Today, the fact that the killing of an innocent man by police hunting suicide bombers can cause such a storm – even on the front page of the Daily Mail – does not suggest a sudden lurch to the left in British society, or a newfound concern for those on the receiving end of state force.
Rather, it points to a profound sense of disorientation and defeatism in certain sections of society. This widespread response to de Menezes’ death is not motivated by a clear critique of the authorities, much less of the way in which they have ratcheted up fear of terrorism, which surely contributed to the way de Menezes was dealt with by jittery cops post-21/7. Rather, it is motivated by a kneejerk willingness to think the worst about the institutions of society and to treat their every word and deed with cynical disdain.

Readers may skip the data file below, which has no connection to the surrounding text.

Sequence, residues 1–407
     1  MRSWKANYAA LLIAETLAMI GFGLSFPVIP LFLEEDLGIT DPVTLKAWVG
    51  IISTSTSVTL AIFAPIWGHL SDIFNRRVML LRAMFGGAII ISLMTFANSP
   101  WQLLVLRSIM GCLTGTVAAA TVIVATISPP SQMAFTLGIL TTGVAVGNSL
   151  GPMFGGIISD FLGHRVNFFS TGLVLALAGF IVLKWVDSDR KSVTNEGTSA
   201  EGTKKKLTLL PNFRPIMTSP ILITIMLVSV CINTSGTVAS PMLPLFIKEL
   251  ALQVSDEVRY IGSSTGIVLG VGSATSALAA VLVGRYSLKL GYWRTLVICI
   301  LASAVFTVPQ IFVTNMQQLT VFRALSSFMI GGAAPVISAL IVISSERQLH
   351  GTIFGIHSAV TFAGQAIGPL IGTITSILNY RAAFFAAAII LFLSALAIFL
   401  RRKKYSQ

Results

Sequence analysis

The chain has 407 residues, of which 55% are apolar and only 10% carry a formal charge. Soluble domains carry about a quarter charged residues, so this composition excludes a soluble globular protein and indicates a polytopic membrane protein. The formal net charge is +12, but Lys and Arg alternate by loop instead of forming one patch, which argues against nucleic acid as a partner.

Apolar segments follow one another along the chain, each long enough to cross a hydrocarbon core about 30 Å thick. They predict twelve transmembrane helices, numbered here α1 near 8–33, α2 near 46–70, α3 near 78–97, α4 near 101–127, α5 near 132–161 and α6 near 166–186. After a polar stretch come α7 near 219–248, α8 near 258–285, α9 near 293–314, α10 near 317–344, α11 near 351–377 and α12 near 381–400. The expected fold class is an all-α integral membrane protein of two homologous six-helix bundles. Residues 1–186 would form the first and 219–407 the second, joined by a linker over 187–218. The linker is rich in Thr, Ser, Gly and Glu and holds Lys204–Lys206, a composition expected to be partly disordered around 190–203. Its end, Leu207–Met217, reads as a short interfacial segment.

So those left-wing and relatives’ campaigns may still be around, trying to win ‘Justice for Jean’, but it is not they who made this killing into such a big issue. That was done by elements within the Independent Police Complaints Commission, which leaked shocking revelations and even photos of de Menezes’ corpse to ITV. And pressure has been put on Metropolitan Police Commissioner Ian Blair to resign, not by campaigners storming Scotland Yard, but by media outlets not previously known for their radical credentials.